By Jessica Wollum, City on the Hill alumnus (2013-2015)

When I first found out about City on the Hill (COTH), I knew that I wanted to attend the program and I did for three summers. Doing so was one of the best decisions I have made and it allowed me to grow spiritually, grow politically, and make some wonderful friends. It even impacted where I went to college!

Spiritual Growth: Leadership is about serving, not pride and glory.

Jessica Wollum

COTH begins and ends each day with devotions that are poignant and thought-provoking. I still remember quite vividly a devotion from my second summer, even though it was four years ago, about the world’s idea of leadership versus God’s idea of leadership. We heard about the distinction between pride and model-ship, where our desire to lead should be born out of seeking to be a good example by modeling Christ, rather than seeking to receive glory. When listening to that devotion, I felt convicted for allowing pride to overshadow model-ship in my desires to lead and to serve others. That conviction deepened when I listened to my fellow “senators” give their speeches to be elected President Pro Temp, party leaders, and party whips. Those speeches reflected a more biblical view of leadership through their emphasis on serving others and absence of selfishness.

As a result of that devotion, my mentality towards leadership radically changed to create foundations for my current understanding of leadership. I began to see all the ways my pride had made me seek out leading people and I began to take steps to correct it. With that change in mind, my third year at COTH represents the pinnacle of that transformation for me. I came into that week hoping to merely serve my fellow senators in the best way that I could, actively checking my thoughts and actions for pride. At the end of the week, I was given the servant leadership award, which represented one of the many ways COTH changed me for the better and prepared me for the current leadership roles I have.

Political Growth: Practical understanding of the political process and current hot topics in a biblical light.

Having always been intrigued by politics and debates, I soaked up all the speakers’ information with great vigor. Even though I had come in with basic knowledge of the political process, seeing peers fill the rolls of party leaders, whips, and pro temps deepened my practical understanding of the complexities within the process.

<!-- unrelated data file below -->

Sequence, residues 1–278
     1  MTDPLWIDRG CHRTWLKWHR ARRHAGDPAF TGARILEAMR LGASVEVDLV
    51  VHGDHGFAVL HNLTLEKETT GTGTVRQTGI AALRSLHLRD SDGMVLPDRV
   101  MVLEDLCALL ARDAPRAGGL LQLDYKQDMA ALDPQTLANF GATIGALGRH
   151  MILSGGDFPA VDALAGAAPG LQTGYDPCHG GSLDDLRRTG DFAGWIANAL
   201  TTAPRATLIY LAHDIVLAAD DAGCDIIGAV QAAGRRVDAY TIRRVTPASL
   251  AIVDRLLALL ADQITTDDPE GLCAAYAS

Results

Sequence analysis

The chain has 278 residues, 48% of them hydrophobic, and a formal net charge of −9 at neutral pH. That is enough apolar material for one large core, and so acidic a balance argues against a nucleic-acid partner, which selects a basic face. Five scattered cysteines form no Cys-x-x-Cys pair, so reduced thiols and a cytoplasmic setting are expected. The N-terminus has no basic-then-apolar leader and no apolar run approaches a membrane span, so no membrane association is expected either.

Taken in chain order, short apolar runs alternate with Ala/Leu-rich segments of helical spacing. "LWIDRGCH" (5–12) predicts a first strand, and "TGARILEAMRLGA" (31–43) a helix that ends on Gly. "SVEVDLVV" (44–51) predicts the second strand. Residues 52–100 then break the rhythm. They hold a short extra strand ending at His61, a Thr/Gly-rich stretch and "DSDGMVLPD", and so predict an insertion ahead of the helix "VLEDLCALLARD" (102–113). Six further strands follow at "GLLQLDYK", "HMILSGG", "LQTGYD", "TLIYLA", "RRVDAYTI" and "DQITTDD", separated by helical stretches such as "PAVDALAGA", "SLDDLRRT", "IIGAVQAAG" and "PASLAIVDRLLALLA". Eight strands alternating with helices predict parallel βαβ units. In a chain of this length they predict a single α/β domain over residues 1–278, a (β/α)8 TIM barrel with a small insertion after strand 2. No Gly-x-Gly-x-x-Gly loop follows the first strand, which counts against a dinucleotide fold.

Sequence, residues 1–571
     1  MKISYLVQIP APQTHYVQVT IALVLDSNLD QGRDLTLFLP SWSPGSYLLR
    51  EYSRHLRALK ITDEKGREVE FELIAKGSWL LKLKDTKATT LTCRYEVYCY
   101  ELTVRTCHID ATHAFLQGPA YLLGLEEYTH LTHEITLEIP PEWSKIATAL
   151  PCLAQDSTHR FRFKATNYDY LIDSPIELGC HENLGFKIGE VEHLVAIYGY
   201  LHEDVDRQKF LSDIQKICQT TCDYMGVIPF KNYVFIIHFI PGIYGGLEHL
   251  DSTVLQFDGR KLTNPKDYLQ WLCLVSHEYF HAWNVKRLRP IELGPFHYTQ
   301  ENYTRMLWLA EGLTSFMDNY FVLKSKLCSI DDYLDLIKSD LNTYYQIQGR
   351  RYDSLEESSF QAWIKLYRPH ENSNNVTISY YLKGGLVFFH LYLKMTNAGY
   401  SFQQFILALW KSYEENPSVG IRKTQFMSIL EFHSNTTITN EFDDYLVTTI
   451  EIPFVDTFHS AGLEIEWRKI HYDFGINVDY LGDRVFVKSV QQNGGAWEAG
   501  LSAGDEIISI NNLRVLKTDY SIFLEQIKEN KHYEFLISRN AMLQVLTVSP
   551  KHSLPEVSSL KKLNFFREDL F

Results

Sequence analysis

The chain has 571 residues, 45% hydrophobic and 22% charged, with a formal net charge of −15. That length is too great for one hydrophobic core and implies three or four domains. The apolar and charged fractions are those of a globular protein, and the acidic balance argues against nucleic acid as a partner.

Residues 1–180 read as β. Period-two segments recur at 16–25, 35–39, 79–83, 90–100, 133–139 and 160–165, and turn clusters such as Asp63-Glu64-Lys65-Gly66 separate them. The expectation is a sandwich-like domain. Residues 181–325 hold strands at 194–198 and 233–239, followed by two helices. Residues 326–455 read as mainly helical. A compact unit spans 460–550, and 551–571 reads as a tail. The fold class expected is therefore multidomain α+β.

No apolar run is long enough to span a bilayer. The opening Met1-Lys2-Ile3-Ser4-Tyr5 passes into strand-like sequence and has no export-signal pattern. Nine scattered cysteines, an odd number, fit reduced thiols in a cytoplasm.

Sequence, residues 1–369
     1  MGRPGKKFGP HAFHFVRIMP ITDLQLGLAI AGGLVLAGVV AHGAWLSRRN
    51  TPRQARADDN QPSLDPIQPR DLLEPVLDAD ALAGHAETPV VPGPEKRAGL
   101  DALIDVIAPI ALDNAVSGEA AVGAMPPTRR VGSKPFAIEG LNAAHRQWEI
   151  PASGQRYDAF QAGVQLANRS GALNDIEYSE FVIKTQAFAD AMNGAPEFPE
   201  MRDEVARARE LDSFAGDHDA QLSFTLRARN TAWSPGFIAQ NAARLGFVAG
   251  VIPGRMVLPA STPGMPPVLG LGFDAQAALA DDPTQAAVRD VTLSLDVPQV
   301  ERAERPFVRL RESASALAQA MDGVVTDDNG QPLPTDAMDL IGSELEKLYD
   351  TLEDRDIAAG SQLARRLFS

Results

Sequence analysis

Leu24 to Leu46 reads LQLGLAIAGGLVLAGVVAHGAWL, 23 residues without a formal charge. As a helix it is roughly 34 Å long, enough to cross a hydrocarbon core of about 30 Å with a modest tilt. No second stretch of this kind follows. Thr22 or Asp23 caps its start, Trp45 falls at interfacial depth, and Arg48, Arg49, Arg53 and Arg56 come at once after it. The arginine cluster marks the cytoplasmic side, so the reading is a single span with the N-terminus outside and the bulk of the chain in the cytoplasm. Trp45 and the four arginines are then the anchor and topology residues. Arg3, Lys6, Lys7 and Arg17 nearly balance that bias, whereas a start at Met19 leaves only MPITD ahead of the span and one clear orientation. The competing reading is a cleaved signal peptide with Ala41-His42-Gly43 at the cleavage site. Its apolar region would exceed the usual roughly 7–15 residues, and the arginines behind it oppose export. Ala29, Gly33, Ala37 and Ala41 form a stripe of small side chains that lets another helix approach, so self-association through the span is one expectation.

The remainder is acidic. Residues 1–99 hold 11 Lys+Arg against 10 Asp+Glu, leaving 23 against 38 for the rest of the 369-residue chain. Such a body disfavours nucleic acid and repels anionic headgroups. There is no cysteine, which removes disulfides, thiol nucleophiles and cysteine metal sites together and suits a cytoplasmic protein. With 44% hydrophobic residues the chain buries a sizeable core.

While learning about that process was incredibly beneficial, my most important aspect of political growth development was understanding current political issues better. Having grown up in a Christian household, I always knew that abortion was murder and found it obvious that a fetus was a human. As a result, I did not know how to articulate a pro-life apologetics argument. COTH speakers like Scott Klusendorf enabled me to analyze the pro-life argument from the philosophical standpoint of the humanity of the unborn and the political standpoint of the right to life.

Career Growth: Networking and career insight.

Another area that stands out in my memory is one of the Christians in the Public Square sessions, where I peppered the lawyers with tons of questions during and after the session since I have always felt called to law and use it as a witnessing opportunity. After telling one of the lawyers that desire, I asked him about his experience in sharing his faith with criminals and fellow attorneys. Prior to this talk I had my heart set on being a prosecutor, but after this talk my perspective began to change due to this lawyer’s philosophy on the law and how Jesus is the greatest defense attorney ever. He spoke about how he runs his law firm, where he encourages those he knows are guilty to plead guilty, fights tooth and nail for those who he thinks are innocent, and trusts God and the justice system for the right outcome when it comes to clients he is unsure of. He also told me that it is much easier, given court protocol, to witness to a criminal if he is your client.

Valuable friendships and discipleship.

Growing up in a tiny church and going through the public school system meant that I had lots of discipleship from adults and lots of evangelism towards peers, with little peer discipleship. Going to COTH allowed me to experience the different climate of being surrounded by peers who diligently love the Lord. That experience altered where I went to college, with God using the friendships I developed in COTH to show me that He wanted me to attend a Christian college so that my focus would shift from evangelism to discipleship for a few years.

One of the most rewarding aspects of COTH (especially for those marginally interested in politics!) are the friendships I cultivated over those three summers, many of which I still have today. Over the years, we have had summer get-togethers, Christmas parties at the Millers’ house, and random get-togethers. Even after going to different states for college, I have kept in touch with and visited these dear friends.

When I think about City on the Hill, I realize just how deeply God used it to change my life. I now understand leading is serving, I chose to attend Regent University, I developed wonderful friendships that continue to this day, and I gained insight on my future career as a lawyer, all because I attended COTH.


For more about City on the Hill, visit